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Create an API

Last Updated: Dec 20, 2018

When you create an API, you must enter the basic information about the API, and define the API request information, the API backend service, and response information. Then, debug the API and set the security configuration. After testing the API, if it works properly, you can publish it to the Release environment for your users.

Define an API

On the API List page in the API Gateway console, click Create API to enter the API creation and definition process.

Basic Information of API

Basic API information includes the API group, API name, security certification method, visibility type, and description.

  • Group: APIs are managed by group. Before creating an API, you must first create a group (for more information about API groups, see Open an API).

  • API Name: It is the name of an API and also an unique identifier within its group.

  • Security Certification: This method is used to authenticate API requests. Currently, the four methods available are Alibaba Cloud App, OpenID Connect,OpenID Connect & Alibaba Cloud App, and No Certification.

    • Alibaba Cloud App: When the requestor calls this API, they must pass the identity authentication of this app.

    • OpenID Connect: This is a lightweight standard based on OAuth 2.0, which provides a framework for identity interaction through RESTful APIs. You can use OpenID Connect to connect seamlessly to your own account system. For a detailed introduction, see OpenID Connect.

    • OpenID Connect & Alibaba Cloud App: Both OpenID Connect and Alibaba Cloud App authentication

    • No Certification: Any person who knows this API’s request definitions can initiate a request. The gateway does not verify their identities, but directly forwards the requests to your backend service. (We strongly recommend not to use this method.)

  • Visibility: Public or Private.

    • Public APIs: All the users can view a certain sections of the API’s information on the Published API page of the API Gateway console.

    • Private APIs: You must manually grant authorization to the user, if the user wants to call your private API.

  • Description: A description of the functions of an API.

Define API request

This part defines how users can send requests to your API, including the relevant protocols, request paths, HTTP methods, request modes, and input parameter definitions.

  • Protocol: Supports HTTP and HTTPS.

  • Request Path: The path refers to the API request path for the corresponding service host. The request path can be different from the actual backend service path. You can write any valid and semantically-clear path for users. You can configure dynamic parameters in the request path that require users to input parameters in the Path field. At the same time, the backend service receives parameter from the Path, which are mapped to Query, Header and other locations. In Published API to API Gateway, you can find detailed examples and operation screenshots.

  • HTTP Method: Supports standard HTTP methods. You can select PUT, GET, POST, DELETE, PATCH, or HEAD.

  • Request Mode: API Gateway used this mode to process input parameters, Request Parameter Mapping or Request Parameter Passthrough.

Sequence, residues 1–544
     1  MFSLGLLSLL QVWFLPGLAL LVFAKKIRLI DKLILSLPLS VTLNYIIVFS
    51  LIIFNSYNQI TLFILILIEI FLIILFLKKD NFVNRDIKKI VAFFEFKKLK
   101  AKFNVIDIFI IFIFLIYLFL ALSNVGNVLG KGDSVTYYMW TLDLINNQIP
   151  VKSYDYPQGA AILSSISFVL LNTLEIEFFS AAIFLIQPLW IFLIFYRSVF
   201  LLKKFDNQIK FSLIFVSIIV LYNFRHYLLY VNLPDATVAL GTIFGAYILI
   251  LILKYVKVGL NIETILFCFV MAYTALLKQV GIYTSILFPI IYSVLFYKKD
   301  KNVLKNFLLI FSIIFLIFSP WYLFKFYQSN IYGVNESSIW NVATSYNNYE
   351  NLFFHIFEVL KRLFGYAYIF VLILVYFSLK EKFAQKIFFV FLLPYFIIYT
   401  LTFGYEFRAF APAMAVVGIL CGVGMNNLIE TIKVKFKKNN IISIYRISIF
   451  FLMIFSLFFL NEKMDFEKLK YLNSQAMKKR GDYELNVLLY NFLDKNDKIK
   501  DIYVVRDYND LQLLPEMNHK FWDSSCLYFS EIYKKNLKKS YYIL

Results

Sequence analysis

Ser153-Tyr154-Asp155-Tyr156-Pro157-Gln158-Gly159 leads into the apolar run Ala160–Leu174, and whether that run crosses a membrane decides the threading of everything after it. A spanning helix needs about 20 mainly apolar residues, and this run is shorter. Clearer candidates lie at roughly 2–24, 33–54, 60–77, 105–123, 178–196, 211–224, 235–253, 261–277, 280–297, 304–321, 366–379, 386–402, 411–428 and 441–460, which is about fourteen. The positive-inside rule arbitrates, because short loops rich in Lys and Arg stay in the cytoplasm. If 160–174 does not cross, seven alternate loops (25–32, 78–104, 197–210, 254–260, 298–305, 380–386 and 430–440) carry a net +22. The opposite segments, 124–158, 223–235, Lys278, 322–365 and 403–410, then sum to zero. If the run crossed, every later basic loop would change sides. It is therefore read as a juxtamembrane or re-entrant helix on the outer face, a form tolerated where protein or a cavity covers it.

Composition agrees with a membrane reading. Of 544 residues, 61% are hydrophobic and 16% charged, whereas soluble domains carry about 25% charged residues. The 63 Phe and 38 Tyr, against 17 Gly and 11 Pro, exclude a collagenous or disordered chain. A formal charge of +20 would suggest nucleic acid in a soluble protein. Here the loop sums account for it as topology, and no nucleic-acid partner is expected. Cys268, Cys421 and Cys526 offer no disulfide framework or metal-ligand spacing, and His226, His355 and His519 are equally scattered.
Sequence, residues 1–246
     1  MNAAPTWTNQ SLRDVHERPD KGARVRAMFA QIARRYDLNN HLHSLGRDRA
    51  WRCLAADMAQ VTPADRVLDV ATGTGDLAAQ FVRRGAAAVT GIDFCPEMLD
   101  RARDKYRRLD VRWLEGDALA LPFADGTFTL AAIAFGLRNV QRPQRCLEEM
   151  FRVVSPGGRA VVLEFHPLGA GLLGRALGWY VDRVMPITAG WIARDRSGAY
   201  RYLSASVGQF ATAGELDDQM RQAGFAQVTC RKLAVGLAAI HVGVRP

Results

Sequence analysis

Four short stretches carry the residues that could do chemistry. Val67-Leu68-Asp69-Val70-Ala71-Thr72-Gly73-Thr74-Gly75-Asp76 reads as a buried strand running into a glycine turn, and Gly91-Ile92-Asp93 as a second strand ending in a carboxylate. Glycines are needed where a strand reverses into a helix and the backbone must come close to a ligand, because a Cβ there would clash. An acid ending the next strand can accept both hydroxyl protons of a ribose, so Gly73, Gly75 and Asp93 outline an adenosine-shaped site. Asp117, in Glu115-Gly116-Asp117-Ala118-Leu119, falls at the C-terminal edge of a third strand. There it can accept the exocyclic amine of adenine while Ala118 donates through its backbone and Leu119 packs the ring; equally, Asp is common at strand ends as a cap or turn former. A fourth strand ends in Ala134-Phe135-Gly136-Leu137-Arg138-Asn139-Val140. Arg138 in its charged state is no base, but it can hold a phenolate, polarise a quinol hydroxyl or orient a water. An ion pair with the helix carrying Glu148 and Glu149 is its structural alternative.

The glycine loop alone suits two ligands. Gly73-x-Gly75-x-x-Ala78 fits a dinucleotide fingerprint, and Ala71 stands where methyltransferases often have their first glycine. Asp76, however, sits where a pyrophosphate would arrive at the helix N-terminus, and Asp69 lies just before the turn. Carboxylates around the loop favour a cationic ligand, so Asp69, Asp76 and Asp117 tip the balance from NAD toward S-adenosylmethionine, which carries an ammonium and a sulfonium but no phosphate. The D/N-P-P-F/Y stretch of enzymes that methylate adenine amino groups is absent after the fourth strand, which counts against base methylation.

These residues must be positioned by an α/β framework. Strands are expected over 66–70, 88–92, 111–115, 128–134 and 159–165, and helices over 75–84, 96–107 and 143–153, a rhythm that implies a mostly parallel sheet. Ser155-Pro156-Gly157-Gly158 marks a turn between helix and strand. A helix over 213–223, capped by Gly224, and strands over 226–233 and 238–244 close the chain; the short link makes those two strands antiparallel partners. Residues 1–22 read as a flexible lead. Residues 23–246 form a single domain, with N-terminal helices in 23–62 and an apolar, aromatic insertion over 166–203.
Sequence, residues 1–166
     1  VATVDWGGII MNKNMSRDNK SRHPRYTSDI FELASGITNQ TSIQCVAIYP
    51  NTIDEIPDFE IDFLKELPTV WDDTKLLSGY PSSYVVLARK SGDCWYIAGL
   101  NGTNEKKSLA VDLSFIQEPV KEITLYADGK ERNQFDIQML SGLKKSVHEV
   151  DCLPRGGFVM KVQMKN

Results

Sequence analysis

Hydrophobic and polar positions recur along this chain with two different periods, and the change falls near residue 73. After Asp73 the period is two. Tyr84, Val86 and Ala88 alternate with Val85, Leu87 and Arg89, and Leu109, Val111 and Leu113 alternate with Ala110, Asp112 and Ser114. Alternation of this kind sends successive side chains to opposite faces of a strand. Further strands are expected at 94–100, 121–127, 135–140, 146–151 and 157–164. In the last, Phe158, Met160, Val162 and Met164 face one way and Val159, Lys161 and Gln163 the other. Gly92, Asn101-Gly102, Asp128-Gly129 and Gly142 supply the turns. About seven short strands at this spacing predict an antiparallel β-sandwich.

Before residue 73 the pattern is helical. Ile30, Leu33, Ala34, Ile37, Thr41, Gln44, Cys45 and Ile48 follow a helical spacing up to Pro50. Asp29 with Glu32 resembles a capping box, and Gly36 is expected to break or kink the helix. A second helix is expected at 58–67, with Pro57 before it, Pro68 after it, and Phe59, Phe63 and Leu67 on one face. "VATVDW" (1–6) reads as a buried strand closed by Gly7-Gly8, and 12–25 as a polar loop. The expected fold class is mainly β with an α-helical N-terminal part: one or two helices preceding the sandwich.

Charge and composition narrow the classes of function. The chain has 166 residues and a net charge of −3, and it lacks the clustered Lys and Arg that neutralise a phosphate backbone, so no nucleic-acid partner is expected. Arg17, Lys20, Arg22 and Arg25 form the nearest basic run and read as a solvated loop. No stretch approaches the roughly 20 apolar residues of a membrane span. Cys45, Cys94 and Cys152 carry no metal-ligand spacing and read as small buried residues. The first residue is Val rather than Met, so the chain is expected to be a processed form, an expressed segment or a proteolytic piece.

• Request Parameter Mapping: When API Gateway receives a request for your API, it uses mapping relationships to convert the request to the format required by your backend service.

      Request Parameter Mapping mode features:

      • Definition method: When defining this API, you must add the frontend and backend parameter mapping relationships.

      • Scenarios:

        • For the same interface, define different APIs in API Gateway to provide differentiated services to users.

        • Use API Gateway to standardize legacy system interfaces.

      • Functions:

        • You can configure full frontend to backend mapping, that is, parameter shuffling. For example, you can require API users enter parameters in the Query field and set the backend to receive the information in the Header field.

          Supports parameter name conversion and parameter location conversion.

        • You can define parameter verification rules to pre-verify the request parameters, and to reduce the volume of invalid parameters that are processed in the backend.

          Supports length verification, parameter value verification, parameter regular expression verification, and parameter JSON schema verification.

    • Request Parameter Passthrough: After API Gateway receives an API request, it does not process the request, but directly forwards it to the backend service. In this mode:

      • You cannot implement parameter verification.

      • You cannot generate detailed API calling documentation.

      • Automatically-generated SDKs do not include request input parameters.

  • Input Parameter Definition: You can define API request input parameters in this section, including parameter names, parameter locations, types, required or not, their default values, examples, and descriptions. In Request Parameter Passthrough mode, users do not have to enter parameters.

    • Parameter Name: The parameter name displayed to users.

    • Parameter Location: The location of the parameter mentioned in the request that includes Head, Query, and Parameter Path.

      Note: If you configure dynamic parameters in Path, the parameter location also defined as Parameter Path.

    • Type: The field type; optional values: String, Int, Long, Float, Double, and Boolean.

    • Required: Indicates whether this parameter is required. When set to Yes, API Gateway verifies that user requests contain this parameter. Requests without this parameter are rejected.